Wearing the traditional missionary Anchor Cross, they processed out an hour and a half later to sustained applause and cheering from family, friends, church members, and the directors and staff of Global Ministries. The event took place on the second night of the annual meeting of Global Ministries directors, convened for the first time at the agency's offices in Manhattan. Directors arrived in Flushing on buses. The church provided dinner to the directors and a large throng of other United Methodist guests.
First United Methodist Church in Flushing is a 200-year-old congregation that was originally Anglo in composition but over the past 35 years has become predominantly Korean-American. It has some 1,800 members, with an average Sunday worship attendance of 1,300 in four adult services and three Sunday-school experiences for children and youth. One adult service is in English, according to the Rev. Daniel Cho, an associate pastor for the English-language ministry.
Bishop Jeremiah J. Park of the New York Area said in an interview that the Flushing church is the largest in his annual conference, which covers southern New York state and the western half of Connecticut. "It is our flagship church," he said, "mostly in terms of attendance, giving, and mission to the world." While the population has changed, the congregation has retained a legacy of mission, said the bishop, who presided at a service of Holy Communion during the commissioning. First UMC of Flushing is a strong supporter of missionaries and new mission initiatives related to Global Ministries. It is engaged in Tanzania, the Central Asia Republics, Russia, and Guatemala, to name a few. It also provides scholarships for students in China, said Rev. Cho.
One highlight of the event was the singing of fourth-grader Yae Eun Kim from the Flushing church. In a voice as clear as a fine bell, she sang "Amazing Grace" in English and a song in Korean based on the experience of a Welsh missionary, accompanied by Si Hwan Byun on the danso, the traditional Korean flute.
"Do What It Takes"
Bishop Växby, whose Eurasia Area is headquartered in Moscow, Russia, preached, speaking at times directly to the new missionaries. He said that the commissioning might likely represent one of those times when people have an opportunity to choose where they will go next in life. In their new lives, he urged: "Do not ever hesitate. Do what it takes. Run to win!"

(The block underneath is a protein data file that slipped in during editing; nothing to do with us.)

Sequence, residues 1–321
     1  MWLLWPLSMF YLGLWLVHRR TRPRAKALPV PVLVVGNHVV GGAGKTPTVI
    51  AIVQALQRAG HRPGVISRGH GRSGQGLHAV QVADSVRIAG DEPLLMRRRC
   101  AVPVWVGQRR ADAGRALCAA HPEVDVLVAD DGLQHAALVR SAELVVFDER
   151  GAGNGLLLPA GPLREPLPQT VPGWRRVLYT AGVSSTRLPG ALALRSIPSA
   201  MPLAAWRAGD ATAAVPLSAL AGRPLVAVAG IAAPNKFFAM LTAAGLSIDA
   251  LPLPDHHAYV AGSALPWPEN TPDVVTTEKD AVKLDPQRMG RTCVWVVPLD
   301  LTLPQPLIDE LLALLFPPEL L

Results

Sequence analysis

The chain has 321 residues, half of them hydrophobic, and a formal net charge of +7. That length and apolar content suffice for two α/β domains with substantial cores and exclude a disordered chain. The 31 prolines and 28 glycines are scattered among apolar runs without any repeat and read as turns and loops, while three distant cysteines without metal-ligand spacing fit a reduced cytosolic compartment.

United Methodist missionaries are commissioned--which involves the symbolic "laying on of hands"--to "take the gospel into the world." The ritual comes after the candidates affirm their belief that they "have been led by the Spirit of God to engage in this work and to assume its responsibilities." They also pledge to be diligent in prayer, Bible reading, and studies that will enhance their abilities in mission. The new missionaries collectively recited a covenant prayer written by John Wesley, the Methodist founder, in 18th-century English. In the prayer, the missionaries "freely and heartily yield all things" to God's "pleasure and disposal."
Bishop Växby evoked smiles from the missionary candidates when he wondered if any of them had experienced questions from family or friends similar to those Jesus encountered in Matthew 12:26, when some of his brothers and sisters, on the eve of his ministry, asked, "Are you sure about this?"
Once sure in the Spirit, the bishop said, follow Saint Paul's advice of going all out for the objective, which for missionaries is to take the gospel into the entire world.
Elliott Wright is a journalist and consultant to the General Board of Global Ministries.
Date posted: Oct 12, 2011